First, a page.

Visual Arts

A Behind-the-Scenes Look at the Making of Postcommodity's Repellent Fence

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Lynn Trimble
Postcommodity artists (from left) Raven Chacon, Kade L. Twist, and Cristobal Martinez.

For just a few days, from a high point along Highway 2 in the Mexican town of Agua Prieta, the view looking north and south was particularly breathtaking. From there, people could see not only the desert landscape awash in various shades of green and gold, but also two lines of 13 balloons hovering 50 feet in the air — bisecting the border fence between the United States and Mexico that separates Agua Prieta from Douglas, Arizona.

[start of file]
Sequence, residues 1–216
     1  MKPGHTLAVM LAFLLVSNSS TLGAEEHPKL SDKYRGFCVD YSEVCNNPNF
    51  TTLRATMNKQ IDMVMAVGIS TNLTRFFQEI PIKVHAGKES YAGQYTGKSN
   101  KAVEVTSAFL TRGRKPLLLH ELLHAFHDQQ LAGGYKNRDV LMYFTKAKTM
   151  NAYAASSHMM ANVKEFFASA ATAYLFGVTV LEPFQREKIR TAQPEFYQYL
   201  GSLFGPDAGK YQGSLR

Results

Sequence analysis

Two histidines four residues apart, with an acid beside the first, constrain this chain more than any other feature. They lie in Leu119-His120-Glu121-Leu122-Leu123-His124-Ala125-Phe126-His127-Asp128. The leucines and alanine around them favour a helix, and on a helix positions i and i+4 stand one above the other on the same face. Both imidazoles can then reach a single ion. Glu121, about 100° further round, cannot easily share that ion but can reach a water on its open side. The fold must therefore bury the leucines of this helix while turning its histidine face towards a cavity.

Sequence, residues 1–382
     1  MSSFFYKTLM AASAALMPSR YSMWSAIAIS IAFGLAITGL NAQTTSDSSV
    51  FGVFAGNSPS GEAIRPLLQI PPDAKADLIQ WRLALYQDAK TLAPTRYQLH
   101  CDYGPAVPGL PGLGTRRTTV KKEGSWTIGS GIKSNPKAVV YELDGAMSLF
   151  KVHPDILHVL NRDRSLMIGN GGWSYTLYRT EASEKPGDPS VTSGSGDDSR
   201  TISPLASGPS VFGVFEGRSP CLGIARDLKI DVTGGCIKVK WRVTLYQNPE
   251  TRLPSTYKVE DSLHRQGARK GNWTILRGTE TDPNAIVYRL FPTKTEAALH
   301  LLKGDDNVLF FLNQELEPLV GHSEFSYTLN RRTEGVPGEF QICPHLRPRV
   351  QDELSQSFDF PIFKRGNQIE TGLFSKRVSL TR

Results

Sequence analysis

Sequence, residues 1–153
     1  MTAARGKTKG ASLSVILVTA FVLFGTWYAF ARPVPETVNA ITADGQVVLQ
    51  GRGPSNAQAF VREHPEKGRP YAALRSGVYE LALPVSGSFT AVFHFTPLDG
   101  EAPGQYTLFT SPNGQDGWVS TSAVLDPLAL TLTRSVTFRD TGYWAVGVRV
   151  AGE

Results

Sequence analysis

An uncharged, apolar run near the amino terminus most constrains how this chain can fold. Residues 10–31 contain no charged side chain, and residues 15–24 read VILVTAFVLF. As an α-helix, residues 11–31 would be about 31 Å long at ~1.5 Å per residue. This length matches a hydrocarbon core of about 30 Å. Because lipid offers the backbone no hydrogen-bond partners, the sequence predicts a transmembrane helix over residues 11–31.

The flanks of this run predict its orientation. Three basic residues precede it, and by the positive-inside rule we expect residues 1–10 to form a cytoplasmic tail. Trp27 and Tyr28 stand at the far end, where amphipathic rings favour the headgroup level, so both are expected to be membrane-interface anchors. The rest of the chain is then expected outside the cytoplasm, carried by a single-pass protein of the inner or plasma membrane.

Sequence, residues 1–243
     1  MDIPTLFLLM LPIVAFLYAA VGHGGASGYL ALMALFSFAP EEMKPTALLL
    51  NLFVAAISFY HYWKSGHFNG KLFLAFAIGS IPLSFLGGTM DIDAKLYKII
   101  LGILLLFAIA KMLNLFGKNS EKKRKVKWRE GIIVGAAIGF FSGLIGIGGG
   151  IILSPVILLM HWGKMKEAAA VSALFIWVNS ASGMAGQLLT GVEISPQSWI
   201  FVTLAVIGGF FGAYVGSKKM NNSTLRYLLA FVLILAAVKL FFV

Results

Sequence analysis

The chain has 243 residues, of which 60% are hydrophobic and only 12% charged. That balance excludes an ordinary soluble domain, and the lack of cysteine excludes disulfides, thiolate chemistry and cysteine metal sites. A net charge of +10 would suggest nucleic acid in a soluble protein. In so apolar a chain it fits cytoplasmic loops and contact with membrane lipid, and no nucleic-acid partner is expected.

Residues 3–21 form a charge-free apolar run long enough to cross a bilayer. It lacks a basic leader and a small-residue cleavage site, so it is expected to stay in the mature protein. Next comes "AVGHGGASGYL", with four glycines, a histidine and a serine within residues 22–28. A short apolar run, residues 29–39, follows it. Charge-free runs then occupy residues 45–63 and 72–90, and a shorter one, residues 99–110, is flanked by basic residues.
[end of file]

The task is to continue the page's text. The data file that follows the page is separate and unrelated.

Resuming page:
The balloons were part of a temporary land art installation titled Repellent Fencecreated by the artist collective Postcommodity. Comprising 26 large-scale helium-filled balloons aligned in a jagged row running one mile in either direction, the installation was in place for just three days, from October 10 to October 12, after a planned October 9 launch was postponed due to high winds. A singular sort of artwork, Repellent Fence was a spectacle that essentially connected the two countries, with the potential to create ripple effects for years to come.